What’s new this month? The lockdown continues, many people work at home in their pyjamas; clothing shops close or are sold to online retailers, fashion sales are down.

Clothes will never go out of fashion though, they’ve been part of human life since we lived alongside the Neanderthals. Much creative imagination and hard slog has gone into preparing, spinning, weaving, dyeing and sewing body coverings using threads collected from animals, plants or insects and, more recently, synthesised by scientists. 

The Bible tells us not give too much thought to clothes.  ‘Consider the lilies of the field’ the text goes ‘they toil not, neither do they spin, and yet I say unto you, that even Solomon in all his glory was not arrayed like one of these.’ 

More than 1000 years after this text was written a textile was discovered in a settlement on the edge of Llangors Lake. Made of finely woven linen with silk embroidery, it shows how much toil went into clothing high status individuals in the 10th century. https://museum.wales/articles/2007-05-03/The-Llan-gors-textile-an-early-medieval-masterpiece/ Today, more than 1000 years later, designing and making clothes is a vast industry that Solomon could never have imagined. 

Humans don’t only cover themselves to keep warm, the clothes we wear also express our individuality, social connections and pretensions and King Solomon’s robes would have been designed to promote his status.

As I wondered if humans were the only animals which construct body coverings the small streams of my childhood came rushing into my memory. Caddis fly larvae walked on the stream beds in coverings made of small stones or bits of vegetation woven together with silk. These coverings are constructed for protection and camouflage rather than display but the insects certainly toil and spin to make them.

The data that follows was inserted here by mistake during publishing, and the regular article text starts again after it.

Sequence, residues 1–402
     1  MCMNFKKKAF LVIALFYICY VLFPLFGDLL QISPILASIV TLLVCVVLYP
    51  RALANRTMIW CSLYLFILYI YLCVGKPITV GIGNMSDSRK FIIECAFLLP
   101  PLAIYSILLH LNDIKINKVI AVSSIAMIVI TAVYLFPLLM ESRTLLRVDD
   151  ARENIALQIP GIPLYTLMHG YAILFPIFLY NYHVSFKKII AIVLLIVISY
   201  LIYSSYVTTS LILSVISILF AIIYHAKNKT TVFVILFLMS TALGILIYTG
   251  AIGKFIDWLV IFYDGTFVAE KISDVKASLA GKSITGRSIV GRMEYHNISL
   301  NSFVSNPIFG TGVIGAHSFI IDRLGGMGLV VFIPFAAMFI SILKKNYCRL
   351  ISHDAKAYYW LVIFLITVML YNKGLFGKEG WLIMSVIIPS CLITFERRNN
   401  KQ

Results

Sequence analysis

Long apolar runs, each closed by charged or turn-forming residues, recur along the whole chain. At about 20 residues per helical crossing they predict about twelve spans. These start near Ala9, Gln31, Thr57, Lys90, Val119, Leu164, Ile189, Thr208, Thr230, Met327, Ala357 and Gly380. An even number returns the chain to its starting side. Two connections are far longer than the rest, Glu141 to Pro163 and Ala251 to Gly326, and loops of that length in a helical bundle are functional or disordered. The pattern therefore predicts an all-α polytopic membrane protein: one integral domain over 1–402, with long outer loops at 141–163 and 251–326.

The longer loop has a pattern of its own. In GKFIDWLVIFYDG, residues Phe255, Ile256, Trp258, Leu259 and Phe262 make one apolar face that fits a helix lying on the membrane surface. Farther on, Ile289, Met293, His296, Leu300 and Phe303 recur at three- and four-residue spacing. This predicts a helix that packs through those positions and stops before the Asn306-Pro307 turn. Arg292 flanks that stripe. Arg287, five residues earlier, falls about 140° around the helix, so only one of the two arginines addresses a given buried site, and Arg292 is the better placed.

Here are two images of caddis fly larvae from the web site https://lifeinfreshwater.net/caddisfly-larvae/ . Thank you Jan Hamrsky for permission to use these wonderful photographs. 

Case-building caddisfly larva (Trichoptera)


Case-building caddisfly larva (Trichoptera)


The caddis larvae cocoon themselves in their coverings as they pupate, emerging as winged insects to mate and lay eggs on plants at the water’s edge. When the eggs hatch the larvae fall into the water.

These insects are found almost everywhere and I wondered if King Solomon would have remembered caddis larvae as part of his childhood experiences of the wonders of the world. Might he have recognised his kinship with these extraordinary insects.  Unlikely, I thought, he’d probably have been too busy trying to transform his naked body into a symbol of power and glory with the most fabulous clothes that could be woven in his kingdom. 

That’s enough of Solomon, it’s time now for a caddis fly to give her testimony.

The Caddis Fly’s Testament 
In the beginning was the fall.
I plunged into the remorseless 
swirling water and knew at once
I was perilously naked. 
I swathed my infant self with silk 
and fragments from the river bed.
I wove a fitting cloak as I grew fat 
and then, shrouded in secrecy,
my body was transfigured. 
I rose on heavenly wings
to mark the tangled weeds
with eggs before I fall again.
In the fish’s belly I become
part of its flesh and of the dung
that feeds the golden iris
rising from the muddy shore,
its seeds poised to testify:
in the beginning is the fall.

Anne Bryan